Dr. Peyman Zawar-Reza
Lecturer: Geography

I run two papers in Cass, GEOG211, and for the first time this year, GEOG313. In GEOG211 there are varied projects that address the sub-disciplines of physical geography, hydrology, geomorphology, and climatology. The students either use the existing in situ array of equipment or install their own. This is a great practice for research as they learn where and how to obtain representative measurements for their projects. GEOG313 is a remote sensing course and the students measure spectral radiance of different land-covers for incorporation into measurements made by satellites. They learn about spatial variation in landscape and how this affects the way satellites see the surface of the planet. The students also use UAVs to collect thermal/visible images of the surface for investigation into microclimactic processes.

STABX Introduction

STABX is the Stable Boundary Layer Experiment carried out in the Cass river basin in the middle of the Southern Alps of New Zealand. This research aims to study atmospheric boundary layers in mountainous environments. This campaign is primarily designed to answer research questions related to atmospheric flows in complex terrain with emphasis on quiescent and cold climate dynamics.

The research targets specifically the micro-scale environment down to the resolution of slopes, trees, small lakes, terrain gaps, and surface types. Effects of larger scale forcing such as drainage winds, mountain waves, weather fronts, will also be considered but in context of the stable boundary layer dynamics.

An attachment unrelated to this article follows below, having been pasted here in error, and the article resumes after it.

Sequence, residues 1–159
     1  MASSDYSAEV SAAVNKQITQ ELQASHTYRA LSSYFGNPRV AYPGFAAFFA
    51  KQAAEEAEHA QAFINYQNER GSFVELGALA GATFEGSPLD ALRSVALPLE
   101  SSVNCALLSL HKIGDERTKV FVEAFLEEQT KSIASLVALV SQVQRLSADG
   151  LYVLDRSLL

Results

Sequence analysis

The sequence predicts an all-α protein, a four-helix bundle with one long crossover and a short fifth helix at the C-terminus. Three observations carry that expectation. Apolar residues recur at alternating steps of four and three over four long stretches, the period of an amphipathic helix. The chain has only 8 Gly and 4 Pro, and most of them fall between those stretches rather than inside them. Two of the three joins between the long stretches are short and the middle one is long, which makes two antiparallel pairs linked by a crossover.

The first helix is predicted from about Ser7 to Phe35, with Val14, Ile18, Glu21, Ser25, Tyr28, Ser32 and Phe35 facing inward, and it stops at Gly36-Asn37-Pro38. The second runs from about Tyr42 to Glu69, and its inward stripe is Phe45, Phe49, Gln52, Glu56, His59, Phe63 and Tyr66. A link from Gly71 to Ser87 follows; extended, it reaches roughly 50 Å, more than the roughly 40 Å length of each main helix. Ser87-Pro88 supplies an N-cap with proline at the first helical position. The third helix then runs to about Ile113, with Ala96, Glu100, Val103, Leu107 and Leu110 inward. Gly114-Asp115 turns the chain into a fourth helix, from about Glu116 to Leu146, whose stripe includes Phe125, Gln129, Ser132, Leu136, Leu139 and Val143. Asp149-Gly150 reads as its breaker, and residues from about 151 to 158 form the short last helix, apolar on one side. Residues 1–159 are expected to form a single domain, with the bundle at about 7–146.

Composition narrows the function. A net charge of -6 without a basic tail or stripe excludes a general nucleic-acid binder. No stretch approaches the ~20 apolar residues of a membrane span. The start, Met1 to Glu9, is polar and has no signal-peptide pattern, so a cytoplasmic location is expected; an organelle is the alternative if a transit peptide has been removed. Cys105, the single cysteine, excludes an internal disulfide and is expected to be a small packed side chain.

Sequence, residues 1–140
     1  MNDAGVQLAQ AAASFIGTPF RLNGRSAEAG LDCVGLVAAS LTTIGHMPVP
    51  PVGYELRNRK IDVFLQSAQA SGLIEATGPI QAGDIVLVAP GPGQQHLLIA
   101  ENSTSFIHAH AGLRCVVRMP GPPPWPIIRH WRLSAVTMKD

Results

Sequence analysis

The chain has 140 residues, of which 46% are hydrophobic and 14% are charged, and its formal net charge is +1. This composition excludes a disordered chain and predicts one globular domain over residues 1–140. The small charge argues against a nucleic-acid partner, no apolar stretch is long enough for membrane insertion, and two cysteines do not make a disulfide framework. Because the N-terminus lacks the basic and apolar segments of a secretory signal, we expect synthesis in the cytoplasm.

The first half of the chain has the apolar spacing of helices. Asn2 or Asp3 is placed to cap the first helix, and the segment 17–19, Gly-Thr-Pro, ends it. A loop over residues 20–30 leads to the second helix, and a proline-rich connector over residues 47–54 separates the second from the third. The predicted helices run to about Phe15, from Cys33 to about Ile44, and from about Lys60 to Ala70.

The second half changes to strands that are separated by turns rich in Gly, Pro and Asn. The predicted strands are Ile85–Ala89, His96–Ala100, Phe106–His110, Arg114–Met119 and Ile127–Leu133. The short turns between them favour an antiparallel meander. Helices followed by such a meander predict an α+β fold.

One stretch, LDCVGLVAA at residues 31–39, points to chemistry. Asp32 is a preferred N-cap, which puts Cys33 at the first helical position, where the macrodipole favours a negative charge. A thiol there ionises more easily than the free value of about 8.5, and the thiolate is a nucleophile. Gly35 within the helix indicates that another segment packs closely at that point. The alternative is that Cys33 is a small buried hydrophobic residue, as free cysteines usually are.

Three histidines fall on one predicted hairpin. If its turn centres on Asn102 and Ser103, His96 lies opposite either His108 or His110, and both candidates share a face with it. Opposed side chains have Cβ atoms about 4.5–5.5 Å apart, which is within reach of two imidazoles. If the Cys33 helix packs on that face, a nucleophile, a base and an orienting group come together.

STABX extensive observation network and design will permit probing into the details of the stable boundary layer features with aims to understand this complex phenomena, which still needs to be studied due to its spatial variability and sensitivity to small scale topography and surface types.
STABX contains:

  • 70 temperature sensors (between air and top-soil)
  • 5 top-soil moisture sensors
  • 3 weather stations including a high elevation one on top of Sugar Loaf
  • 11 micro-barometer stations
  • 6 time lapse cameras
  • A SODAR-RASS system, which consists of a sounding and ranging device and a radio acoustic sounding system to measure wind velocity and air temperature at 5 m height interval up to 400 m AGL.

For more details see:

STABX teaching outreach

In addition to research, this extensive fieldwork resource is currently being utilized for undergraduate teaching in the Department of Geography. A list of courses involve:

  • GEOG109: Forces in Nature
  • GEOG211: Environmental Processes: Research Practice
  • GEOG410: Atmospheric Environments

Principal Investigators

Marwan Katurji
Atmospheric Dynamics, Measurements & Modeling

Web address:

Peyman Zawar Reza

Web address

Research interests:

  • Mesoscale and micro-scale atmospheric numerical modeling
  • Regional climate modeling (dynamical downscaling)
  • Applied meteorology in complex terrain
  • Atmospheric surface layer turbulent physical processes
  • In-situ wind turbulence measurement methods and instrumentation